I think, when it comes to the Caribbean, most Americans understand that each island has a different vibe, culture, energy,  speed, whatever you want to call it. This is probably because the islands are: A) pretty spread out and B) actually different nationalities and usually influenced by different sub-cultures. With the Maldives, though, I think Americans, especially, tend to assume that the islands are one in the same: small, luxury hotel islands with a set of bungalows on stilts and water that you can see fish through as easily as if they were in an up-lit tank. That last part is absolutely true, but we’ve realized this week that that first bit couldn’t be further from the truth. The Maldives actually boasts some of the cleanest off-shore surf breaks in the world, so people come in from all over for surf holidays here. Then, there’s the diving crowd: because the reefs here are so full of life, the visibility so insanely high, mass amounts of divers come through constantly, wanting to spend their days under the waves rather than chilling a few feet above them in a bungalow. There are the honeymooners Americans would expect, of course, but this is also a family destination, and, because of its location, it doesn’t really have a huge off-season (people fly in from Europe, China, Japan, Korea, Australia, you name it). This schpeal doesn’t have a conclusive remark I’m leading to, I just have found the many different reasons people make their way to the Maldives were completely at odds with the “strictly honeymoon destination” assumption I came into this country with, and I think it’s valuable info for anyone planning to come. You absolutely want to make sure you pick an island with the right vibe and crowd that suits your preference!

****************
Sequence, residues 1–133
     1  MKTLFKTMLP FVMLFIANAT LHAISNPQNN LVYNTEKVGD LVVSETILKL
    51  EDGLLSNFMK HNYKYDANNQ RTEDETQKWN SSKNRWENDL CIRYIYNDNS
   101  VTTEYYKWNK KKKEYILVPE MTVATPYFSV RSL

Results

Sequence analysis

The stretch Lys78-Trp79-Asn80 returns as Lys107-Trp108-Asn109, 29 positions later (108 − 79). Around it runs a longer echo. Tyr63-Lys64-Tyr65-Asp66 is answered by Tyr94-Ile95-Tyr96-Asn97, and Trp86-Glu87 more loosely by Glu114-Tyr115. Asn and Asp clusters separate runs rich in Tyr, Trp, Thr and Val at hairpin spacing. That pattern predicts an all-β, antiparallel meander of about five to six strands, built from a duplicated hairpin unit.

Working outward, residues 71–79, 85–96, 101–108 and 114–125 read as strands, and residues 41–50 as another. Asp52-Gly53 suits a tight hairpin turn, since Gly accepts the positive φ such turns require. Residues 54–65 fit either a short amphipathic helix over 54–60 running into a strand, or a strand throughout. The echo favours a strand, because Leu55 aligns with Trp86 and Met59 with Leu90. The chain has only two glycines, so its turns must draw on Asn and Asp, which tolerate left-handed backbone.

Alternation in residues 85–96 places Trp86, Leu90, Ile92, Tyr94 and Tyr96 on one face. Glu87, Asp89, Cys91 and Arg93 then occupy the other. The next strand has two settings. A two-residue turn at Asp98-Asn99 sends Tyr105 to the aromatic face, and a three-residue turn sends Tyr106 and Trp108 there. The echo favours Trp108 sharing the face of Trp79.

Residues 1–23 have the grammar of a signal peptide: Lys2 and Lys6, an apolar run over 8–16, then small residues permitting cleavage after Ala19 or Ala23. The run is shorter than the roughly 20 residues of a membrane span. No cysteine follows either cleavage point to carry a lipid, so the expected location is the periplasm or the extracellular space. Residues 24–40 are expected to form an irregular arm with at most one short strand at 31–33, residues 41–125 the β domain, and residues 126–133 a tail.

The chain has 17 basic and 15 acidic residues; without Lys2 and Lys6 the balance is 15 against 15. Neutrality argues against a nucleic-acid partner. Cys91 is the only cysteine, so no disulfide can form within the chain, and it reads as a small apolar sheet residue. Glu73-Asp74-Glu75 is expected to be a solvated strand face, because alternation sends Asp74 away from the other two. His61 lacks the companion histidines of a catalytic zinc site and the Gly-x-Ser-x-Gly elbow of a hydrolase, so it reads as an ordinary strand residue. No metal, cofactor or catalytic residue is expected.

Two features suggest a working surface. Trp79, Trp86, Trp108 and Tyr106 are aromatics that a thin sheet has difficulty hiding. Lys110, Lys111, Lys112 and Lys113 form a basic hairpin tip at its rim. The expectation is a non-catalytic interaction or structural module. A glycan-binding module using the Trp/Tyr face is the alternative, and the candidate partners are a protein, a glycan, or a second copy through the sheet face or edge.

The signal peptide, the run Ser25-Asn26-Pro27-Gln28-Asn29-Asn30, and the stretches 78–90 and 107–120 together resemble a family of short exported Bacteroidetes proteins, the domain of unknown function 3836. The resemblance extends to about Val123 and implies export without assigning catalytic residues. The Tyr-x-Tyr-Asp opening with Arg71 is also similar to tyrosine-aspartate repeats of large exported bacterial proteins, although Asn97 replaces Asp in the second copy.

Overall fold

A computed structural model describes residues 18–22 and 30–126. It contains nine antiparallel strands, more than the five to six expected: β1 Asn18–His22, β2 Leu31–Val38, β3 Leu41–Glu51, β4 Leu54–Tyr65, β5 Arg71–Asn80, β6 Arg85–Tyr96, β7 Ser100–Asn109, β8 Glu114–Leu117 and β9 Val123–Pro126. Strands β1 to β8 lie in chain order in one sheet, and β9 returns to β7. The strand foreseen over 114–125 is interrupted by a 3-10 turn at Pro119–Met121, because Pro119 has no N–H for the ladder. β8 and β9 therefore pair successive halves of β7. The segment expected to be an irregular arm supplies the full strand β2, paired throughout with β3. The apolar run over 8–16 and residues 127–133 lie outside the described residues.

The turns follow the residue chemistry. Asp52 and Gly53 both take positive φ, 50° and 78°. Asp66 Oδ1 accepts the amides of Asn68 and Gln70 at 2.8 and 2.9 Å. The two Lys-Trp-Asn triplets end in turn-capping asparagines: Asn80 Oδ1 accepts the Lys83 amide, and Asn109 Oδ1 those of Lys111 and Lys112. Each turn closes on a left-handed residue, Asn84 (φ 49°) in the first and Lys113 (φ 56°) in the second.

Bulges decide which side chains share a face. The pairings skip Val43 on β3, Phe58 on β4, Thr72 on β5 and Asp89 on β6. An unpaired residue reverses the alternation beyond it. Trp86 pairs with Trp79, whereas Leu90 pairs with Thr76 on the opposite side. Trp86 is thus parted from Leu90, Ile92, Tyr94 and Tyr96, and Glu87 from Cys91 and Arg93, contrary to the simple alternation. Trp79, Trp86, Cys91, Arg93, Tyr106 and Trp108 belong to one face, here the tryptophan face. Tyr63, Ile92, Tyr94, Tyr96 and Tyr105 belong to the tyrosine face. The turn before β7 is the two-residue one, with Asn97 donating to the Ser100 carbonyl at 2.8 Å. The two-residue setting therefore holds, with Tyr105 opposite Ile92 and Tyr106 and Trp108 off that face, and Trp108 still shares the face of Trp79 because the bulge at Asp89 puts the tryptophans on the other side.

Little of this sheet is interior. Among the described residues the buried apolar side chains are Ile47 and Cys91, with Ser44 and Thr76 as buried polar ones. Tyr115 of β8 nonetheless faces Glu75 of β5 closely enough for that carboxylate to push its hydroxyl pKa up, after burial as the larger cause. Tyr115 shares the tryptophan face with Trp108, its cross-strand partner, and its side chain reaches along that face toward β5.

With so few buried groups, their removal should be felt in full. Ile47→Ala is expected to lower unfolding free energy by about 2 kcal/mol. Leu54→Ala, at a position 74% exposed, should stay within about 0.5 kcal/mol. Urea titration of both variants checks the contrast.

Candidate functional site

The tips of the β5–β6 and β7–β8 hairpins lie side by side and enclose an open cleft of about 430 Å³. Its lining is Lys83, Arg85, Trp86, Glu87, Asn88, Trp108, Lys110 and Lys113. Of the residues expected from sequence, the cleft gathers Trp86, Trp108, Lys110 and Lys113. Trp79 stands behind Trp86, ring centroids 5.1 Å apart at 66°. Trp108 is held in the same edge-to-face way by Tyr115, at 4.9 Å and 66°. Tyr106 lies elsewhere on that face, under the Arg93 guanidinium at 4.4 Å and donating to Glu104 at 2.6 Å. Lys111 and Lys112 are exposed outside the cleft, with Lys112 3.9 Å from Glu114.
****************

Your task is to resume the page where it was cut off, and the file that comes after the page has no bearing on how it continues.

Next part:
*Thank you to Kuramathi for sponsoring this post. As always, all thoughts and opinions remain our own.